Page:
BAGHDAD — There are no red states or blue states. Ballots won't have hanging chads. But the fight over Iraq's constitution appears headed for an election day showdown that -- similar to recent U.S. presidential elections -- will be decided by one or two battleground provinces.
A draft of the charter is almost certain to win approval this week in the transitional National Assembly, which is dominated by Shiites and Kurds. But Sunni Arabs have strong reservations about the document and, with negotiations still stalled Tuesday, they are gearing up to defeat the charter in an Oct. 15 referendum.
The constitution, which requires the approval of a majority of Iraqis, can be defeated if at least two-thirds of the electorate in three of Iraq's 18 provinces vote "no."
Political strategists predict a hard-fought campaign that will focus on a handful of ethnically and politically divided provinces, with regions around Mosul and Baqubah playing the swing roles that Florida and Ohio, respectively, did in the 2000 and 2004 U.S. presidential contests.
"The constitution is supposed to be an issue for all Iraqis, but the campaign is going to be concentrated in those governorates where people think it could be rejected," said Nabil Salem, a University of Baghdad professor and political analyst.
A showdown could still be avoided if Sunni, Shiite and Kurdish lawmakers can find consensus and jointly endorse the proposed constitution by Thursday, when the National Assembly is to vote.
"Many of the issues have been finalized and agreed upon," Prime Minister Ibrahim Jafari, a Shiite, said Tuesday. "I believe that the next three days will be enough to witness the birth of a constitution."
President Bush, who is betting that adoption of a new constitution will stem insurgent violence in Iraq and eventually enable more than 130,000 U.S. troops to come home, said Tuesday that Sunnis had a choice. "Do they want to live in a society that is free, or do they want to live in violence?" he asked.
But hopes for a broad consensus were dimming fast. Humam Hamoodi, a Shiite cleric who heads the committee charged with drafting the charter, acknowledged Tuesday that several divisive issues probably wouldn't be settled before the assembly vote.
Many Sunni leaders, who have complained that the proposed constitution would make the central government too weak and lead to the breakup of Iraq, didn't even attend a committee meeting Tuesday where Shiite and Kurdish leaders celebrated their work. Some top politicians are speaking of irreconcilable differences.
"The Sunnis are too stubborn," said Kurdish leader Mahmoud Othman. "The Shiites don't want to deal with them."
Sunni Arabs are vowing to take the fight to the polls. "We will have our say Oct. 15," said Ayad Ani of the Iraqi Islamic Party, a leading Sunni political party.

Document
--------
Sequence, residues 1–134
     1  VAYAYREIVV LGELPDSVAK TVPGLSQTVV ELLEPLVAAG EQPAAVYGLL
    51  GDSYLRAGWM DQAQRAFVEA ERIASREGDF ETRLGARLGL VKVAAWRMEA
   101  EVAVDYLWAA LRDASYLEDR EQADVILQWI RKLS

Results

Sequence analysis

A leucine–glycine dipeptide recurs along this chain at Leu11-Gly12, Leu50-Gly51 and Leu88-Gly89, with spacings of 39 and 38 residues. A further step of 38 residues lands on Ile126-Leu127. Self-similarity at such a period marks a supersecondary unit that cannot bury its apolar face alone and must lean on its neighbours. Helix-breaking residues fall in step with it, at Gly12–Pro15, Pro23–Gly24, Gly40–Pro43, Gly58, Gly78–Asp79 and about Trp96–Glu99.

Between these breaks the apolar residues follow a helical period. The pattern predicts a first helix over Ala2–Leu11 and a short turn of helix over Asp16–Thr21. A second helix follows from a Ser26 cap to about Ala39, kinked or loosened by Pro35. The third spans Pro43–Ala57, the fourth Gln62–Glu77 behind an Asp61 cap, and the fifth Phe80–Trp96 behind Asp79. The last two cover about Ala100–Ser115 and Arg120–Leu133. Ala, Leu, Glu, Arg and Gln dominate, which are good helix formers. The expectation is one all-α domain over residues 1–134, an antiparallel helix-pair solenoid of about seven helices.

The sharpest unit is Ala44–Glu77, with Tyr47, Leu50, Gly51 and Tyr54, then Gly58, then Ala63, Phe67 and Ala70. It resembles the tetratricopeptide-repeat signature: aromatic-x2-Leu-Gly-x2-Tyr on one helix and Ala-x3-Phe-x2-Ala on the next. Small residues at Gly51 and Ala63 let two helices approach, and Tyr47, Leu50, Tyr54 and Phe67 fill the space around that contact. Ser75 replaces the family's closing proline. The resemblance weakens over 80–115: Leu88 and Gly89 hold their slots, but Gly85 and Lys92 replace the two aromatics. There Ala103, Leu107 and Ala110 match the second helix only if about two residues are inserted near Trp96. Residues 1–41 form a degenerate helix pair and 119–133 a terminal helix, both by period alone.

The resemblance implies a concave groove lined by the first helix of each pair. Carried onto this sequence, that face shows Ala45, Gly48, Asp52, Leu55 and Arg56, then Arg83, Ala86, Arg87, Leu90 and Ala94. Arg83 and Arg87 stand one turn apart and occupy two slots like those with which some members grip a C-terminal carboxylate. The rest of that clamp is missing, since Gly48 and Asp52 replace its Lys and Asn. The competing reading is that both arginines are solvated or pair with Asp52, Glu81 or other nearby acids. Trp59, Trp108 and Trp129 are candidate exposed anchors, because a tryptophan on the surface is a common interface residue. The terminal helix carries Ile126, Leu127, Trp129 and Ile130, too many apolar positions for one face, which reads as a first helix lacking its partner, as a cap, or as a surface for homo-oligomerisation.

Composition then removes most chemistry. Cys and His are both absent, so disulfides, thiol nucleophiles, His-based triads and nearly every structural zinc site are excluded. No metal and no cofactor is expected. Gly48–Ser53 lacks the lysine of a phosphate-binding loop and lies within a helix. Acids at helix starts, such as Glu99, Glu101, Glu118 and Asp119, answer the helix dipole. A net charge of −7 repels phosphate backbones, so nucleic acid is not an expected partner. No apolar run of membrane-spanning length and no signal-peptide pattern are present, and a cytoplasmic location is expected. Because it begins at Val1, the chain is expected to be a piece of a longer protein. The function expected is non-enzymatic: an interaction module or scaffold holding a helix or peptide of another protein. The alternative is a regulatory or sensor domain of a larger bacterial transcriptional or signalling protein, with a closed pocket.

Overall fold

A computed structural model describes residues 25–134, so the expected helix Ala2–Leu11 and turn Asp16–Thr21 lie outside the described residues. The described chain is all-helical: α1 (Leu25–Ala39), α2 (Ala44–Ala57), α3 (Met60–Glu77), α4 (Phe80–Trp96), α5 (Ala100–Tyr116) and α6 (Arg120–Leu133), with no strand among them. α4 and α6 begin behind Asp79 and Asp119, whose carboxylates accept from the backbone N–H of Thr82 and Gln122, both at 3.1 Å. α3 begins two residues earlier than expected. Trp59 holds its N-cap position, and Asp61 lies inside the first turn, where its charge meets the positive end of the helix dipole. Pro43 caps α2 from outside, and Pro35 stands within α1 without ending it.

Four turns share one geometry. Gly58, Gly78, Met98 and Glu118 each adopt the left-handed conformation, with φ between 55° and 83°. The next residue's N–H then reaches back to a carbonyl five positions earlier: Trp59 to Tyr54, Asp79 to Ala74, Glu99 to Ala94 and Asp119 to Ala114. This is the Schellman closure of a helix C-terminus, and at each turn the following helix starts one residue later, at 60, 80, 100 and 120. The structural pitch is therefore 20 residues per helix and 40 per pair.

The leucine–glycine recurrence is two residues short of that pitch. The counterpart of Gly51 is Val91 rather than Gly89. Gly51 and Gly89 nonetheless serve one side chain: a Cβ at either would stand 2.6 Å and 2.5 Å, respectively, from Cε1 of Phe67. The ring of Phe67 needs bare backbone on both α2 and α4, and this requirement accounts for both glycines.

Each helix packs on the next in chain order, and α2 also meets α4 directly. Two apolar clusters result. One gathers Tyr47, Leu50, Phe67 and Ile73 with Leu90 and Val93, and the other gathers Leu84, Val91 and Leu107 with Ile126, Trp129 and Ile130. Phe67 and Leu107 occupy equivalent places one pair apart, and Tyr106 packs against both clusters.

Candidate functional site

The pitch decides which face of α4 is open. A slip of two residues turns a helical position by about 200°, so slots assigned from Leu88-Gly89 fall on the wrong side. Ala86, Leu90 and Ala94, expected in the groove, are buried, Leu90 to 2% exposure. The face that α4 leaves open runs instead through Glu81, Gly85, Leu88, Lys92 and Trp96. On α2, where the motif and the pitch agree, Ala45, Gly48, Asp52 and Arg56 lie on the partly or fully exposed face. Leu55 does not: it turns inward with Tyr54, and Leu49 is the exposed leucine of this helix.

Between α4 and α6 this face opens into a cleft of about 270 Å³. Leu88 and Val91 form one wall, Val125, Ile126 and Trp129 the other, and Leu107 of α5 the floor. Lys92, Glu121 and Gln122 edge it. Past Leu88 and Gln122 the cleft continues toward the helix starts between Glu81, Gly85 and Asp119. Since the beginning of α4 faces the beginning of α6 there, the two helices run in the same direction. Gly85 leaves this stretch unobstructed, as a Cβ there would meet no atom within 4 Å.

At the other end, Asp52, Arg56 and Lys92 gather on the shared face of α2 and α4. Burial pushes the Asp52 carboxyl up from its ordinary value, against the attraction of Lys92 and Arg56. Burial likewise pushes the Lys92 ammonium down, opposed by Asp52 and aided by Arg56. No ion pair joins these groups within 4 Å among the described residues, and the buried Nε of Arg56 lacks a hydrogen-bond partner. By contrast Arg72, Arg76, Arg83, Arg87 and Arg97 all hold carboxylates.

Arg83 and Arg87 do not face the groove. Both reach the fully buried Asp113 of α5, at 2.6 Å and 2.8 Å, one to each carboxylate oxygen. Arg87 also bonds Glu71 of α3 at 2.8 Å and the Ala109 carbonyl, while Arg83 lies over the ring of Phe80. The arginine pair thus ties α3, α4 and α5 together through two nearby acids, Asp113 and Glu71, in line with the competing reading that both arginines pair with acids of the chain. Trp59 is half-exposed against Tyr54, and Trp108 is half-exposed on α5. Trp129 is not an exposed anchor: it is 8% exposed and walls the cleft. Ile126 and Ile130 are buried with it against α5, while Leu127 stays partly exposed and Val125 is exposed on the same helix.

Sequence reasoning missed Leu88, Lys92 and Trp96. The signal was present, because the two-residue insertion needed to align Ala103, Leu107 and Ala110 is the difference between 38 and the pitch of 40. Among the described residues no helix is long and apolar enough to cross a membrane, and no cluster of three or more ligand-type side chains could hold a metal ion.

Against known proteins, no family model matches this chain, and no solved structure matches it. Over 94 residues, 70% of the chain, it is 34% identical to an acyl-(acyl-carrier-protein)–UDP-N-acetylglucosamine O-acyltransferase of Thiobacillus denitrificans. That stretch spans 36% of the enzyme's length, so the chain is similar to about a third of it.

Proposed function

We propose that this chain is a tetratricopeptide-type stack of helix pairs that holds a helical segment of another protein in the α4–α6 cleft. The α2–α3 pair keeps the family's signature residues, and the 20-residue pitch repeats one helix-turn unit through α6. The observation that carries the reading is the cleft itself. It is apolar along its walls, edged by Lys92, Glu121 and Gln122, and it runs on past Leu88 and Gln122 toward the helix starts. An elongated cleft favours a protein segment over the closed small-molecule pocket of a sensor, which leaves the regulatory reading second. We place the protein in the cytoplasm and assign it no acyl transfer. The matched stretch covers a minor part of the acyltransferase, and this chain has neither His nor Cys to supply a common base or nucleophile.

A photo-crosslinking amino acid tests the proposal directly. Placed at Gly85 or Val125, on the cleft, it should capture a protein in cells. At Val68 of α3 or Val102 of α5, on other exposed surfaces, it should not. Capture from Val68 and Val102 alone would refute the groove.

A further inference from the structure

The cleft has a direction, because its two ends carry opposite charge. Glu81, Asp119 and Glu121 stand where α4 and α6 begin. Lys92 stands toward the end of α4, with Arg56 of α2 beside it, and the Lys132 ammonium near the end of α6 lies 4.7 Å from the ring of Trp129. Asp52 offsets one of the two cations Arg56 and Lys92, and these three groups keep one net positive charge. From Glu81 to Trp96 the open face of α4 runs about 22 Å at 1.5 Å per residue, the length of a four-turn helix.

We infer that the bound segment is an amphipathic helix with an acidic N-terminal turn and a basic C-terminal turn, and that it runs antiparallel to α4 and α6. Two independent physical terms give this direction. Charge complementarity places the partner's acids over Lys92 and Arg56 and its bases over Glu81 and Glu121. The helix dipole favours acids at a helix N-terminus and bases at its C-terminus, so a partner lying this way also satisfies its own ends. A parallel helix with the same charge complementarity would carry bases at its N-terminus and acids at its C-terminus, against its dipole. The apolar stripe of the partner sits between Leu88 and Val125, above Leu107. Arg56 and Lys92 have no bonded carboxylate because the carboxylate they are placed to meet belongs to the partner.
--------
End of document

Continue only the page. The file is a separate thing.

The three-province veto provision in the constitutional referendum rules was originally crafted at the behest of Kurds, who dominate three northern provinces. They feared the constitutional review process could be dominated by Arabs.
But after parliamentary elections in January handed power chiefly to Shiite Arabs and Kurds, the constitutional veto clause has become the last bargaining chip of Sunni Arabs, who make up about 20% of Iraq's population and constitute majorities in at least two provinces. They could be joined in a "no" vote by a group of Shiites loyal to cleric Muqtada Sadr who also oppose key elements of the draft.
"All anyone needs to get is three" provinces, said Hassan Bazzaz, a University of Baghdad political science professor. "It won't be that hard."
Sunni Arab politicians, many of whom boycotted the January parliamentary election, have been urging supporters to register to vote in recent weeks. Some Sunni clerics have ordered worshipers to election centers. According to Iraq's election commission, some of the most active registration centers are in Sunni-dominated areas.
Even before negotiations broke down among drafters of the constitution, representatives for Sunni parties and a coalition of Sadr followers were meeting privately to map out a strategy for rallying a "no" vote in three provinces. Sunnis and Sadr loyalists, who forged ties last year when each battled U.S. troops, share concerns about federalism in the draft constitution.
"Together we are confident we can deliver three provinces," said Fatah Sheik, head of a coalition loyal to Sadr. "It's already done. We could deliver three provinces by ourselves, if we wanted, including Baghdad."
Sadr, son of a revered cleric who was assassinated by Saddam Hussein's regime, is popular among young, disenfranchised Shiites, including an estimated 2 million people in the capital's worst slum, known as Sadr City. Mobilizing those supporters to go to the polls could sway the outcome in the capital, Sheik says.